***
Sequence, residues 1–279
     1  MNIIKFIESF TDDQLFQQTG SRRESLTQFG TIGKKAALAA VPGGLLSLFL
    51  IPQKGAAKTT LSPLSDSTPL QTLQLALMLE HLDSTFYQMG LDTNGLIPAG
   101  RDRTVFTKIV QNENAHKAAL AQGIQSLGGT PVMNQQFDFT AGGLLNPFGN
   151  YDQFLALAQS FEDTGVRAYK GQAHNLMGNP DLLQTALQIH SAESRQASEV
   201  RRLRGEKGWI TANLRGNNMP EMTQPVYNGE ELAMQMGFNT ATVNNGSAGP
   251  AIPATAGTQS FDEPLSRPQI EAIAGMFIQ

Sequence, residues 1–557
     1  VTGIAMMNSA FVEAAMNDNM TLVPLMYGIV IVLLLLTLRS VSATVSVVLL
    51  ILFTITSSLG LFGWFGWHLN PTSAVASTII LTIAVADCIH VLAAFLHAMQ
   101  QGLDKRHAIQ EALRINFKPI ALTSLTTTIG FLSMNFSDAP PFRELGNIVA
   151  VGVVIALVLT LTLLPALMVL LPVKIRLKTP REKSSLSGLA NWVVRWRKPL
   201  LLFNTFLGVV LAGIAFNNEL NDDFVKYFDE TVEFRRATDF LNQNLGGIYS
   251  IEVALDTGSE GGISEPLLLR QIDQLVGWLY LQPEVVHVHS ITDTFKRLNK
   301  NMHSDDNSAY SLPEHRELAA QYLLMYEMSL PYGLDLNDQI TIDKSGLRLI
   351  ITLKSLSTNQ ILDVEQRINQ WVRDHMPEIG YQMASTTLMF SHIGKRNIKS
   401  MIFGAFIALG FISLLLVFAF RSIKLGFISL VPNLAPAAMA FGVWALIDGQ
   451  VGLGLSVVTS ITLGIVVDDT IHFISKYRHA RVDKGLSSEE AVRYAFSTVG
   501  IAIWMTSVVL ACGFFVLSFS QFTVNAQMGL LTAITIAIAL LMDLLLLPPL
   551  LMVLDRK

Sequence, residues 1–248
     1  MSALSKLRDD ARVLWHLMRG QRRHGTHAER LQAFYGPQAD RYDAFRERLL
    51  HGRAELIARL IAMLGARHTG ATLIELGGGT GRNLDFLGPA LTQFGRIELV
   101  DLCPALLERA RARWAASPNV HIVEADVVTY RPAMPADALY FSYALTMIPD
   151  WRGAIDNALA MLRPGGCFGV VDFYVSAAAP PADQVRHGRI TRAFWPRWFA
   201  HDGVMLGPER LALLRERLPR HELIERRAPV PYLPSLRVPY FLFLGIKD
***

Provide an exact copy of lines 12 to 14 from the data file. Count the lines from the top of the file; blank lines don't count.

   151  VGVVIALVLT LTLLPALMVL LPVKIRLKTP REKSSLSGLA NWVVRWRKPL
   201  LLFNTFLGVV LAGIAFNNEL NDDFVKYFDE TVEFRRATDF LNQNLGGIYS
   251  IEVALDTGSE GGISEPLLLR QIDQLVGWLY LQPEVVHVHS ITDTFKRLNK